I want to create a (graphical) representation for a custom HL7 v2 message structure. In this scenario, I'm only concerned with the high-level message structure - the arrangement and usage of the segments of a message. The official documents (which are not available unless you pay for them, AFAIK) use a table notation like this:

example structure

In this structure, the different brackets denote optional [] and repeatable {} segments as well as alternatives <x|y|z>. Our custom structure is built upon this standard and basically appends a few segments and declares that we'll never use certain other segments. So far, we have simply mimicked the table-like structure, but I find that this is hard to read, especially with multiple nestend levels of conditional groups. I was thinking about converting the TikZ file tree example to represent the data structure, but with all the child [missing] entries and other peculiarities, I was wondering whether there are other (better?) options.

  • This is the sort of thing I've seen used - I think they are called railroad diagrams. – Thruston Dec 15 '14 at 14:16
  • @Thruston: This might be an interesting idea - however, I haven't found a viable alternative to produce these diagrams yet. The syntax package causes the entire build process to fail with missing \endcsnames, and the TikZ approach is way too complicated to be maintained by anyone else. An external tool would not be a great idea for maintenance reasons either... – vwegert Dec 16 '14 at 10:32
  • How about transforming it to json? Then it is easy with LuaLaTeX – Yiannis Lazarides Dec 17 '14 at 16:50
  • @YiannisLazarides, can you explain how it would be easy with Lua? Or perhaps point to some other answer? – Thruston Dec 17 '14 at 22:32
  • @Thruston Lua tables, are the datastructure, you can represent anything with them, similarly is json, which I prefer as it is now almost universal. Once you have the structure in a Lua Table, the formatting can then be programmed. I will post an answer tomorrow, as it is hectic today. See hl7.org/implement/standards/fhir/patient-examples.json.html – Yiannis Lazarides Dec 18 '14 at 2:50

I wholeheartily agree that the current format you are using is awkard and possibly it casts a light as to the many reasons that health software projects fail; which IMHO is due to bureaucratic complexification. Having to pay for the formats adds insult to injury.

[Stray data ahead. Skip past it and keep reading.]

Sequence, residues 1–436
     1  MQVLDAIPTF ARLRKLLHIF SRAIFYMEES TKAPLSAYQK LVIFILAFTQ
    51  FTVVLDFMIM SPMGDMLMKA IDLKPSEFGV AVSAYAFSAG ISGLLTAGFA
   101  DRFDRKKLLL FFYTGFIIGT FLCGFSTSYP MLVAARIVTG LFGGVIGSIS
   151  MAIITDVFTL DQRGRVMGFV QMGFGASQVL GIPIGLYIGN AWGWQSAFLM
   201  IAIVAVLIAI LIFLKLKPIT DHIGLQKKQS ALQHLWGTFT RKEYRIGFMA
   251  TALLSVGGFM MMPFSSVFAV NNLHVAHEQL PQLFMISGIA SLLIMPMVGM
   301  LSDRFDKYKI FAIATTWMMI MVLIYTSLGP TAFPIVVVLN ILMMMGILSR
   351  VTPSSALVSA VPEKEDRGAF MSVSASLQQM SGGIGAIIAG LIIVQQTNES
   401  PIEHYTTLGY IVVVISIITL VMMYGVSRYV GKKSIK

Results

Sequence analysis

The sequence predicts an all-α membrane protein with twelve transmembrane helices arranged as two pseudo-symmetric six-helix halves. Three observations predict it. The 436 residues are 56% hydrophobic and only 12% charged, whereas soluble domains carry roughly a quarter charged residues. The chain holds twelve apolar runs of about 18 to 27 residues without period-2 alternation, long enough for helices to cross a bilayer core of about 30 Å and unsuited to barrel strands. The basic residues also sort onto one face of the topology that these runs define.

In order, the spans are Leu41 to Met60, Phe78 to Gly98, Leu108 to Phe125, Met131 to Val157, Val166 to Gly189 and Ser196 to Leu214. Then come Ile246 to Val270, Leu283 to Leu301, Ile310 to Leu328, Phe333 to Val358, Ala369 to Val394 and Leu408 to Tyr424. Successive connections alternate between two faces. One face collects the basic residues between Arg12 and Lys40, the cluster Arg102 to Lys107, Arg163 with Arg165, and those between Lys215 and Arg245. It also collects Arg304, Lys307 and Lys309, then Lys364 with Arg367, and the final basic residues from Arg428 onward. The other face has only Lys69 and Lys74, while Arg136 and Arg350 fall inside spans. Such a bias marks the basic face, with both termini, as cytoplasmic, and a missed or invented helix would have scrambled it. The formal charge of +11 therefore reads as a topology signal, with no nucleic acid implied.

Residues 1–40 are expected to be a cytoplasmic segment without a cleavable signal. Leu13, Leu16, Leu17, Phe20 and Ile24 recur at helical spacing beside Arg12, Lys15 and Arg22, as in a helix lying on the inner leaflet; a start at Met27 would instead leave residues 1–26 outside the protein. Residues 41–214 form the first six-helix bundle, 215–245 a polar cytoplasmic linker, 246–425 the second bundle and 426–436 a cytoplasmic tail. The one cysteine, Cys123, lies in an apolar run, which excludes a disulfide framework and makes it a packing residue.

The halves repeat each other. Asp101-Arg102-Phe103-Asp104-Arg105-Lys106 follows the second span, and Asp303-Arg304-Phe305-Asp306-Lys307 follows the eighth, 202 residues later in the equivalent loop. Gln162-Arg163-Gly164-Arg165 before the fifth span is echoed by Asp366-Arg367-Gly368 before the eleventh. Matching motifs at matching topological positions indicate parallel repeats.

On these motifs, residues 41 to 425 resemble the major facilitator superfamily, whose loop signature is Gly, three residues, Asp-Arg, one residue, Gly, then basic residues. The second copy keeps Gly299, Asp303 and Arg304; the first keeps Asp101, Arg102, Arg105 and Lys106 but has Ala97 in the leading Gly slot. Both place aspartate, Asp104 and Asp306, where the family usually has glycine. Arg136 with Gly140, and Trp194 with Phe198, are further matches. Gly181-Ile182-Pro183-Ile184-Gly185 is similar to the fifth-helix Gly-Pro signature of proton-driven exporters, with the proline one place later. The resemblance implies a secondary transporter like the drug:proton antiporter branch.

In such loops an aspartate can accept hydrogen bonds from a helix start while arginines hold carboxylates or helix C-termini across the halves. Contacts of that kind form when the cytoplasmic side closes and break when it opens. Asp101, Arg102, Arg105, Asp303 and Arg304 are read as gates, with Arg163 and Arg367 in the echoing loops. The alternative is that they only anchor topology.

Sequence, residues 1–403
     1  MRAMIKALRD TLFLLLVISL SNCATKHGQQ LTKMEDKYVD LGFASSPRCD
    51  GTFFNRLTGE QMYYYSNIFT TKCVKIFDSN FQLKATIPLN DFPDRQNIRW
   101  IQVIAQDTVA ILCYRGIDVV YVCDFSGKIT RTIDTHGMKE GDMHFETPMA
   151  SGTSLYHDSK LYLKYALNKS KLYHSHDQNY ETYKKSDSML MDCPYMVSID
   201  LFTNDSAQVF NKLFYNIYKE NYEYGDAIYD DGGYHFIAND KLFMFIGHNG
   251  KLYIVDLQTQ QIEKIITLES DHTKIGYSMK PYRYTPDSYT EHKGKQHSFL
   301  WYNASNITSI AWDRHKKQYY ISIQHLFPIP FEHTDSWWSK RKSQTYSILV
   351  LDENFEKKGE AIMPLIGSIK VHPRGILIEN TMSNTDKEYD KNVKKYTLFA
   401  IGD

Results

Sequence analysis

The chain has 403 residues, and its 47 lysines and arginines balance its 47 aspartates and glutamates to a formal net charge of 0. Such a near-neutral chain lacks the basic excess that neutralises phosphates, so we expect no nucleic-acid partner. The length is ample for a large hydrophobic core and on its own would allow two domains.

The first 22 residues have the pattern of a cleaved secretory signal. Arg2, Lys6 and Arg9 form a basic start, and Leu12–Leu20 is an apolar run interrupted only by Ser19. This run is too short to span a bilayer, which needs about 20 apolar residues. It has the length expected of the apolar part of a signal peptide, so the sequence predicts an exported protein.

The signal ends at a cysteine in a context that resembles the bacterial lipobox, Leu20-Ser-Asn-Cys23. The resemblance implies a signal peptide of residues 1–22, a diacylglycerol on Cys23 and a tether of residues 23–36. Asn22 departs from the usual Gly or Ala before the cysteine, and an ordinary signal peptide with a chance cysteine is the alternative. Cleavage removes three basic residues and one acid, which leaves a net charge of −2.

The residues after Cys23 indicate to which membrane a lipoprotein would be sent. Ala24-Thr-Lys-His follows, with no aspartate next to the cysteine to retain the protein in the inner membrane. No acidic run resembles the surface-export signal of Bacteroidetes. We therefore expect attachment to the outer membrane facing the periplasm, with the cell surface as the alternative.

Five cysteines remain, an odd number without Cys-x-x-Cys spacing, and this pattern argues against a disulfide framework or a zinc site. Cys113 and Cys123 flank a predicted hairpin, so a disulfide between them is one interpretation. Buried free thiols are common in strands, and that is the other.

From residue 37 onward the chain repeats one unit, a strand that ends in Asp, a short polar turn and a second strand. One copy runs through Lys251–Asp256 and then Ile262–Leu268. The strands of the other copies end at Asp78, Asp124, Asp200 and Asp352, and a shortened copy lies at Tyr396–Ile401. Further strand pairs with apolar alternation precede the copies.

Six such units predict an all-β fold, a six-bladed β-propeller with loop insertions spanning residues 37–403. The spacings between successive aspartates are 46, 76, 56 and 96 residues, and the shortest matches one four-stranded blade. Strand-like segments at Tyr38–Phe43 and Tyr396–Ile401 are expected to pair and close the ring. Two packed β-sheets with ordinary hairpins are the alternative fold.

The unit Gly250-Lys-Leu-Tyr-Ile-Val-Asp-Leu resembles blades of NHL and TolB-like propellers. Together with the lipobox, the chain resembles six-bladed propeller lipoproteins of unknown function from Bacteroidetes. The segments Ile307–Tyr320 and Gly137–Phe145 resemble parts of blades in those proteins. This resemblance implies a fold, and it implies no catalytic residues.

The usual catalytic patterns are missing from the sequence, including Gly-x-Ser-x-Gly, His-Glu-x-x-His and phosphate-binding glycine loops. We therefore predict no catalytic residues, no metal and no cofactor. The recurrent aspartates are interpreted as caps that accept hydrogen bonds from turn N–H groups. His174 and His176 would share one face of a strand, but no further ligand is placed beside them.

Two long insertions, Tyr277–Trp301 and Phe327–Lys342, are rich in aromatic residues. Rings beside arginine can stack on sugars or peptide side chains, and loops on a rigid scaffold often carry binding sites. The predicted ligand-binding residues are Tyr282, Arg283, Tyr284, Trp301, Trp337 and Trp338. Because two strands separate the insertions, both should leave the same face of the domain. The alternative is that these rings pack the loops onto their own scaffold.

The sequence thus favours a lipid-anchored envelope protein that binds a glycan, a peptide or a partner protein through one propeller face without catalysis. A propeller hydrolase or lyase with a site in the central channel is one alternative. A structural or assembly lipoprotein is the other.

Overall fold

I would recommend to use Lua. If you generating the data for typesetting programatically, I would use Lua tables directly. If they are generated from a db, either export them as XML or preferably json. Here is a simplified program to demonstrate this. No need for any railroads or boxes, you can read the data like a paragraph from a book.

enter image description here

    \usepackage{fontspec,luacode, xcolor}

    if type(tex)=='table' then local print = tex.print  end

    local patientVisit = {
        patientClass = "CON",
        assignedPatientLocation = {
            pointOfCare = "8152879"
        visitNumber = {
            idNumber = 16164813

    function inspect_table (tab, offset)
        offset = offset or "\\mbox{~~}"
        for k, v in pairs (tab) do
            local newoffset = offset .. offset
            if type(v) == "table" then
               print(offset..k .. " = \\{\\par ")
               inspect_table(v, newoffset)
             if k=="patientClass" then print(offset .. '{\\color{red}'.. k .. "} = " .. tostring(v), "\\par") 


The routine above is very simple, however it can easily be modified to color code better, sort the fields and add notes etc. As a bonus no need of any catcodes. If you interested in a json solution drop a message and I will post one.

| improve this answer | |

An Example: find it at http://ddi.uni-wuppertal.de/material/materialsammlung/

package is on CTAN: http://ctan.org/pkg/schule

Railroad-diagram – introduced by Niklaus Wirth with programming language Pascal



\node [] {};
\node [terminal] {public};
\node [terminal] {class};
\node [nonterminal] {Klassenname};
\node [terminal] {\{};
\node (endstart) [point] {};
\node [point, below=of endstart] {};
\node [point, xshift=-75mm] {};
\node (endAttribute) [endpoint, continue chain=going below] {};
\node (startAttribute) [point] {};
{[start chain=attribute going right]
    \chainin (startAttribute);
    \node [point, xshift=25mm] {};
    \node [point, continue chain=going above] {};
    \node [nonterminal, continue chain=going left] {Attribut};
    \node [point, join,join=with endAttribute] {};

\node (startKonstruktor) [point] {};
\node (endKonstruktor) [endpoint] {};
{[start chain=konstruktor going right]
    \chainin (startKonstruktor);
    \node [point, xshift=30mm] {};
    \node [point, continue chain=going below] {};
    \node [nonterminal, continue chain=going left] {Konstruktor};
    \node [point, join,join=with endKonstruktor] {};

\node (endMethode) [endpoint] {};
\node (startMethode) [point] {};
{[start chain=methode going right]
    \chainin (startMethode);
    \node [point, xshift=25mm] {};
    \node [point, continue chain=going above] {};
    \node [nonterminal, continue chain=going left] {Methode};
    \node [point, join,join=with endMethode] {};

\node [point] {};
\node [terminal, continue chain=going left] {\}};

| improve this answer | |
  • There's a lot hidden away in that German "school" package - is there any documentation in English, I wonder? – Thruston Dec 17 '14 at 22:34
  • at this very moment, there is no English documentation, so you've to read the source-code. But most is documented in the pgfmanual as well – including the railroad-diagramm-construction as an example – L. Humbert Dec 18 '14 at 8:33

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